Iran Bans WhatsApp For An Absolutely Absurd Reason

The Iranian regime has banned access to the popular messaging app WhatsApp stating a reason that is just absolutely absurd and hard to digest with.

Iran Has Banned Access To WhatsApp, Stating That A Jewish "American Zionist" Owns The Site

Iranian President Hasan Rouhani uses social media to communicate with the world, but his regime just banned WhatsApp

Image via FOXNews

The Iranian regime has banned access to the WhatsApp messaging site, a popular site for many to communicate both inside and outside the country, stating that a Jewish “American Zionist” owns the site.

foxnews.com

The Ban Comes Two Months After Facebook Bought WhatsApp For USD19 Billion, And A Regime Official Connected The Move Directly To Mark Zuckerberg

Mark Zuckerberg at the Mobile World Congress, in Barcelona, Spain, on February 24, 2014

Image via timesofisrael.com

“The reason for this is the assumption of WhatsApp by the Facebook founder Mark Zuckerberg, who is an American Zionist,” Fox quoted Abdolsamad Khorramabadi, head of the country’s Committee on Internet Crimes, as saying.

timesofisrael.com

The US Commission on International Religious Freedom (USCIRF) blasted Iran last week in its new report on the repression of religious freedom. According to the report, Iran continues to propagate anti-Semitism and target members of the Jewish community on the basis of real or perceived ‘ties to Israel.’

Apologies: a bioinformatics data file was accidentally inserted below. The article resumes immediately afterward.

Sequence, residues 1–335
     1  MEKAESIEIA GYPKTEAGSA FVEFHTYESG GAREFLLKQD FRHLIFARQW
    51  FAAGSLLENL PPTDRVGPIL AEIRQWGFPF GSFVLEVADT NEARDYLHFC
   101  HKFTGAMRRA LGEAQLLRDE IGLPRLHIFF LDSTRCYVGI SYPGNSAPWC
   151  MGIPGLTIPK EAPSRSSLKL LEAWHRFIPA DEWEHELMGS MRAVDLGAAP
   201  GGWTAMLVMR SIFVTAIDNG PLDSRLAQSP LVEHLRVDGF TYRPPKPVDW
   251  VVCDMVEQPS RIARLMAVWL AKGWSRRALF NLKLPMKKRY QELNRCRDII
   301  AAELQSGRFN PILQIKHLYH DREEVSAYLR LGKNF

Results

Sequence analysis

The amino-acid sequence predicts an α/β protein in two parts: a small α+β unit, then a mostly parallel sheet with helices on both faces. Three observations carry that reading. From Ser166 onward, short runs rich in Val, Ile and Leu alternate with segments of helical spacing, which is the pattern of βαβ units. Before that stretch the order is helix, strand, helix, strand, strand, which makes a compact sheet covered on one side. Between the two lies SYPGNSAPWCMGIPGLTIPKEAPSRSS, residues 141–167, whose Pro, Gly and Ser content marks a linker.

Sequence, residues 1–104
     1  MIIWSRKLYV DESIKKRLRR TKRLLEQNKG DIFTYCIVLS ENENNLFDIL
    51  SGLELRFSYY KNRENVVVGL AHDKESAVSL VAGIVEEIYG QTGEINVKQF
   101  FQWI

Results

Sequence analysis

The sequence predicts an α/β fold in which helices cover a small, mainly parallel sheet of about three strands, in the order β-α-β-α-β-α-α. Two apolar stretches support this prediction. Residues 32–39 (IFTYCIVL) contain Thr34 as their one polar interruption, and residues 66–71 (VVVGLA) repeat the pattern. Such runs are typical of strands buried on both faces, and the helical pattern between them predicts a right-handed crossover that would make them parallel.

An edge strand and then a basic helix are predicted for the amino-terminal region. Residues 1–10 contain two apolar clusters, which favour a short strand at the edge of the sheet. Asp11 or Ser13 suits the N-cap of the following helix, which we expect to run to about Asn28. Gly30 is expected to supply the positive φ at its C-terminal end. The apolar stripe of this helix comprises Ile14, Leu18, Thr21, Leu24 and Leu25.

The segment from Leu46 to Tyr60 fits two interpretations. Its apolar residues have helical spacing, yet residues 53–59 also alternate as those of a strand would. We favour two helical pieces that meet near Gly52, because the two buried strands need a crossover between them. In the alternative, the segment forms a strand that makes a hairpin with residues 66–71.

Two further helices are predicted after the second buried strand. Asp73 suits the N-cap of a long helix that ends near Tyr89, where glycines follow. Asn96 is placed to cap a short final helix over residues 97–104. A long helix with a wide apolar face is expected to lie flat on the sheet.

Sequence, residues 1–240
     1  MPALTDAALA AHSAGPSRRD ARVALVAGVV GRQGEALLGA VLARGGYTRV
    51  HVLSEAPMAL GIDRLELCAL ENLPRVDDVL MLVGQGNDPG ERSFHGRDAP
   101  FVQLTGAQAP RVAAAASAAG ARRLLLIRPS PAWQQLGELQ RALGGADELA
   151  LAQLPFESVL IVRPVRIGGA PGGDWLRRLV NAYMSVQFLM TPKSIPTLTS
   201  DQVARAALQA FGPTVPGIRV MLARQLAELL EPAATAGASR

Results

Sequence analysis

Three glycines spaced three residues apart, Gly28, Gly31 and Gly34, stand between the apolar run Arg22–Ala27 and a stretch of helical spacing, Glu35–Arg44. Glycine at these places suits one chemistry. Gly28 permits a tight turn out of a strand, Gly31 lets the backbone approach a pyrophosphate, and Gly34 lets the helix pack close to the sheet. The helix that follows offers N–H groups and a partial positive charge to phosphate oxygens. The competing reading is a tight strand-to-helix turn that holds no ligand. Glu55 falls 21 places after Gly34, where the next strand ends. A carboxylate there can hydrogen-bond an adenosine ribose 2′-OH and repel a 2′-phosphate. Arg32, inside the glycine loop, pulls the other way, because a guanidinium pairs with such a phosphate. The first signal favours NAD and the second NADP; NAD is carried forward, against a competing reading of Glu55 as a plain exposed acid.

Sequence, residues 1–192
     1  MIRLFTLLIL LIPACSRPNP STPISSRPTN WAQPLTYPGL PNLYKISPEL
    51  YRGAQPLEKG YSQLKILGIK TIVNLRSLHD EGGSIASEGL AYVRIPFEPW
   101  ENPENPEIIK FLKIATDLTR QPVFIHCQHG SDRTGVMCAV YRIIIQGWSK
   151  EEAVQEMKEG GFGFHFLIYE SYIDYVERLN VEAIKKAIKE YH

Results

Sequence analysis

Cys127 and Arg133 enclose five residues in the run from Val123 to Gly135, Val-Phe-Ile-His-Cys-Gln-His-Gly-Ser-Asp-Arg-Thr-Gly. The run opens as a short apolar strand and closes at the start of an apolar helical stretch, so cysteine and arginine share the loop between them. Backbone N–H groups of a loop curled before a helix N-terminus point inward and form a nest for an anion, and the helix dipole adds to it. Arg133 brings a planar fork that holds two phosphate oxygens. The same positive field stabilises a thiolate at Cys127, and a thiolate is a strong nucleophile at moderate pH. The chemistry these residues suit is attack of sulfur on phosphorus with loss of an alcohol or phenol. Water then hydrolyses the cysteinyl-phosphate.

albawaba.com

Meanwhile, One Iranian Blogger Who Asked To Remain Anonymous Told Fox News That Tehran Views Social Media As A Threat To Its Power

What'sApp social messaging application

Image via haaretz.com

“The Revolutionary Guard sees these social sites as a major threat because there’s an appeal for young people and the government worries about the exchange of information,” said the blogger, who asked not to be identified. “(Supreme Leader) Khamenei and his cronies, caught on to the power and potential of these sites after the (Green Revolution) uprisings.”

foxnews.com

At the time thousands took to the streets to protest the reelection of then president Mahmoud Ahmadinejad. Many Iranian felt the elections were rigged and mass demonstrations were held throughout the country, but were brutally subdued by the regime. The protest leaders remain under house arrest and their opposition Green Movement has been systematically dismantled through crackdowns and intimidation.

timesofisrael.com

Officially, Access To Facebook And Twitter Is Already Banned, Leaving Iranians Unable To 'Legally' Access These Sites

Image via motherjones.com

Iranians still find ways to access them by illegally downloading virtual private networks to bypass the state’s Internet filtering system. According to Iran’s Ministry of Sciences, 60 percent of Iranian university students use Viber and WeChat, and in a survey of 2,300 people, 58 percent reported using Facebook regularly, and 37 percent said they used Google+.

aljazeera.com

Current Iranian President Hassan Rouhani, a self-declared moderate, was elected last summer, beating conservative rivals after vowing to fix the economy, seek improved relations with the West and promote greater freedoms. Much of his election campaign was waged across reformist platforms as well as social media.

timesofisrael.com

Iranian President Hassan Rouhani

Image via worldbulletin.net

Even Rouhani himself has accounts on both Facebook and Twitter, which are often used to convey messages on foreign and domestic matters.

foxnews.com

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